Thoughts on elections…

Staff Columnist

Just a very short couple of thoughts on the election process here in our Town, and specifically this year.  In our Democracy the collection of the will of the citizenry is essential.  Participation in the election is both a right AND a duty.  Please make your opinion known by registering it by means of your ballot.  You must see candidates electioneering signs all about Town.  All should observe these as well as the advertising placed in both local Newspapers.

Longboat Key News will be featuring increasing election coverage.  Some of you may have received your ballots from either of the County Supervisors of Elections.  Use them wisely.

As your local correspondent I’ll offer suggestions as to my choices among the candidates asking for your vote.  I know that many voters actually ask for such suggestions.

Here goes for 2018.

District 3:  Ken Schneier

District 5:   Ed Zunz

At-Large:     Irwin Pastor

ALSO:  I recommend YES Votes on the two Questions on the Ballot,

  YES on the Referendum for funding through Bonds of our two Fire Houses.

YES on the Revised Town Charter

Election Day will be March 20.

Carrier Visit Marks New U.S. Ties with Vietnam


By Jake Maxwell Watts

(The Wall Street Journal, Tuesday, March 6, 2018)

Last week we printed in these pages a brief of note reported in The Peoples Daily China on this same subject. Clearly this is a big deal.  Those of us who served in Vietnam, and particularly in and around DaNang, should take note.  Reactions will be mixed of course.

“Da Nang, Vietnam – Thousands of American sailors descended on this Vietnamese resort town Monday in a historic port call by an aircraft carrier strike group as the former Vietnam War adversaries forge a closer relationship to counterbalance expanding Chinese influence in Southeast Asia.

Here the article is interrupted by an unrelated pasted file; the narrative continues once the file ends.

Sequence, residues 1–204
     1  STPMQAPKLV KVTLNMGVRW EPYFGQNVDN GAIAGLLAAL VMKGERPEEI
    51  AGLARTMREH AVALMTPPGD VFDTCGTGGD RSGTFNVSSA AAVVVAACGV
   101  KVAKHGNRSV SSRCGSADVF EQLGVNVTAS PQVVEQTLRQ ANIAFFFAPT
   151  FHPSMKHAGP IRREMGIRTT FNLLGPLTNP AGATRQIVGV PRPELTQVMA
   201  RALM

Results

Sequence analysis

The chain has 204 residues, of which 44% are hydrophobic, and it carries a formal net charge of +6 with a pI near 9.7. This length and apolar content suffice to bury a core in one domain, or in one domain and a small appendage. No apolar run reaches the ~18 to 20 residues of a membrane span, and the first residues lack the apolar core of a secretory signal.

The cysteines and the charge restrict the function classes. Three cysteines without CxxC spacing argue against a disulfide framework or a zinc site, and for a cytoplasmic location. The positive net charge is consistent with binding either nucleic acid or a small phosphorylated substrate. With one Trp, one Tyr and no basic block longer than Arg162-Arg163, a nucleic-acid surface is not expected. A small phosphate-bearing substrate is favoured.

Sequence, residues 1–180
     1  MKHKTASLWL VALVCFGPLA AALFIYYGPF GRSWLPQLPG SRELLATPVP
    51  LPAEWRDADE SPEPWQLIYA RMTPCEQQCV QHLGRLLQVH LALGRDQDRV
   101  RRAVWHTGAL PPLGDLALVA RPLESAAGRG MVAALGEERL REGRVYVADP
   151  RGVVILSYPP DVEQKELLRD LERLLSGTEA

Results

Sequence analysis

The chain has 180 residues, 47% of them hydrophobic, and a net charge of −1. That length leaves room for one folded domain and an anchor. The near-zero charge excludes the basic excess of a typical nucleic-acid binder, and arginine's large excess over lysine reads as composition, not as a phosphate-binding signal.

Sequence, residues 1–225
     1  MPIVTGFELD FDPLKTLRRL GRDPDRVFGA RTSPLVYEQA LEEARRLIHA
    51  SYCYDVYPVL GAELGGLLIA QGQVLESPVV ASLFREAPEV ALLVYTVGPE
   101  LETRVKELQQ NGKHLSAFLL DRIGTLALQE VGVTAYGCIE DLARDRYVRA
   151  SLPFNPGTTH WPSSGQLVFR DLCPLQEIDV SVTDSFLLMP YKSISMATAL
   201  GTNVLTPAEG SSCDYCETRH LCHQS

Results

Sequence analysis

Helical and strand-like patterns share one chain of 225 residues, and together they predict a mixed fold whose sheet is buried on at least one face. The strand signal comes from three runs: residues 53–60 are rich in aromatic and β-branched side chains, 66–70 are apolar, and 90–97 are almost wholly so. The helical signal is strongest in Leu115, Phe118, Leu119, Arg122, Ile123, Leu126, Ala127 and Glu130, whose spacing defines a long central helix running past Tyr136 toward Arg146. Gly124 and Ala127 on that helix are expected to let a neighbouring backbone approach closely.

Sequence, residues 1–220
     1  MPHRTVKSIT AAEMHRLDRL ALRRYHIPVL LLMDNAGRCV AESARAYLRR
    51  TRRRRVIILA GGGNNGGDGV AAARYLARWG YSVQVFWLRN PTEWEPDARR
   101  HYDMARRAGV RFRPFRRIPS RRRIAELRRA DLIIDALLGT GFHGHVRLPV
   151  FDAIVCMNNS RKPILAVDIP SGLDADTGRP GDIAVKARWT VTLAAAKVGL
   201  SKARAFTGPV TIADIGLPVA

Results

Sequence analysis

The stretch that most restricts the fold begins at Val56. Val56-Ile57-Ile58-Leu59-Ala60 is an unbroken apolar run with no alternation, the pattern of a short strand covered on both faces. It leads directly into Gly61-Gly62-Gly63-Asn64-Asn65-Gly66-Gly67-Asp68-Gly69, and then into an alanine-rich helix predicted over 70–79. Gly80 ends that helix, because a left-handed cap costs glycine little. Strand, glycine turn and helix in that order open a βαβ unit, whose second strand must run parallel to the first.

The visit by the USS Carl Vinson comes 53 years to the week since U.S. Marines came ashore in Da Nang at the launch of the Vietnam War.  On Monday, the Vinson became the first carrier to visit Vietnam since communist forces won the war in 1975, at the head of a task force of 6,000 personnel coming in peace.

The visit ‘demonstrates the dramatic progress that we have made in our bilateral relationship in recent years’, U.S. Ambassador Daniel Kritenbrink said at a news conference.  The countries, he said, share ‘a desire to maintain peace, prosperity, unimpeded commerce [and] freedom of navigation upon which the region and our allies depend.’

The carrier’s visit follows  meeting  in November between Presidents Donald Trump and Tran  dai Quang.  Both governments share concerns about Chinese claims to the South China Sea, an artery of global trade that is also claimed in part by Vietnam, Malaysia, the Philippines, Taiwan and Brunei.”

Watts continues:  “Sailors from the task force will volunteer at homes for the elderly and orphans, play Vietnamese sports teams, and take part in a garlic-pealing competition.  Vietnamese working as firefighters, chefs, engineers  and other professions will visit the carrier to see how it carries out its missions.

While trade and investment between the two nations remains a key interest, concern about growing Chinese has driven the U.S. and Vietnam closer.  In the past year, China has continued construction on artificial islands in the South China Sea and sought to strengthen  its own ties in Southeast Asia.  The U.S., which says it wants to keep international waters open to all, has used the Navy to challenge Chinese claims.”

“Although neither Beijing nor Washington admit it, there is of course competition between them for influence in Southeast Asia, especially among the South China Sea claimants,” said Murray Hiebert of the Washington-based Center for Strategic and International Studies.

Your Correspondent served in Da Nang some 50 years ago.  I remember it as a beautiful city on a fabulous harbor.

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